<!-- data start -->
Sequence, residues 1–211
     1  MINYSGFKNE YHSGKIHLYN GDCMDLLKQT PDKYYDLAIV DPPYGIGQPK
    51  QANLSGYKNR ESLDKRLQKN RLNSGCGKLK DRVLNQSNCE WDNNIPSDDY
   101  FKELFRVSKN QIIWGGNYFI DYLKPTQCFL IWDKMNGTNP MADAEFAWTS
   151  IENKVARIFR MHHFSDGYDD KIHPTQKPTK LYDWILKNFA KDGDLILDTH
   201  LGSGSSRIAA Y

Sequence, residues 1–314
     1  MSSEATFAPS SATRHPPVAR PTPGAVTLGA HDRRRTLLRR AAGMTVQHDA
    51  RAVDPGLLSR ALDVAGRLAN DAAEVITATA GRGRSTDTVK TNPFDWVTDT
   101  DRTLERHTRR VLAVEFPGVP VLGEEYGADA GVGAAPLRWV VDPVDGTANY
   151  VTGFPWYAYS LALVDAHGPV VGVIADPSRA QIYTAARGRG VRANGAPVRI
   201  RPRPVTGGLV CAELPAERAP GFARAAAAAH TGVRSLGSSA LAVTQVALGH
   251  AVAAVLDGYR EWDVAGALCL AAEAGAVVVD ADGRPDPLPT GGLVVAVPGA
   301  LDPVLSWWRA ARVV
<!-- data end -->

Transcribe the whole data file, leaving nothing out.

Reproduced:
Sequence, residues 1–211
     1  MINYSGFKNE YHSGKIHLYN GDCMDLLKQT PDKYYDLAIV DPPYGIGQPK
    51  QANLSGYKNR ESLDKRLQKN RLNSGCGKLK DRVLNQSNCE WDNNIPSDDY
   101  FKELFRVSKN QIIWGGNYFI DYLKPTQCFL IWDKMNGTNP MADAEFAWTS
   151  IENKVARIFR MHHFSDGYDD KIHPTQKPTK LYDWILKNFA KDGDLILDTH
   201  LGSGSSRIAA Y

Sequence, residues 1–314
     1  MSSEATFAPS SATRHPPVAR PTPGAVTLGA HDRRRTLLRR AAGMTVQHDA
    51  RAVDPGLLSR ALDVAGRLAN DAAEVITATA GRGRSTDTVK TNPFDWVTDT
   101  DRTLERHTRR VLAVEFPGVP VLGEEYGADA GVGAAPLRWV VDPVDGTANY
   151  VTGFPWYAYS LALVDAHGPV VGVIADPSRA QIYTAARGRG VRANGAPVRI
   201  RPRPVTGGLV CAELPAERAP GFARAAAAAH TGVRSLGSSA LAVTQVALGH
   251  AVAAVLDGYR EWDVAGALCL AAEAGAVVVD ADGRPDPLPT GGLVVAVPGA
   301  LDPVLSWWRA ARVV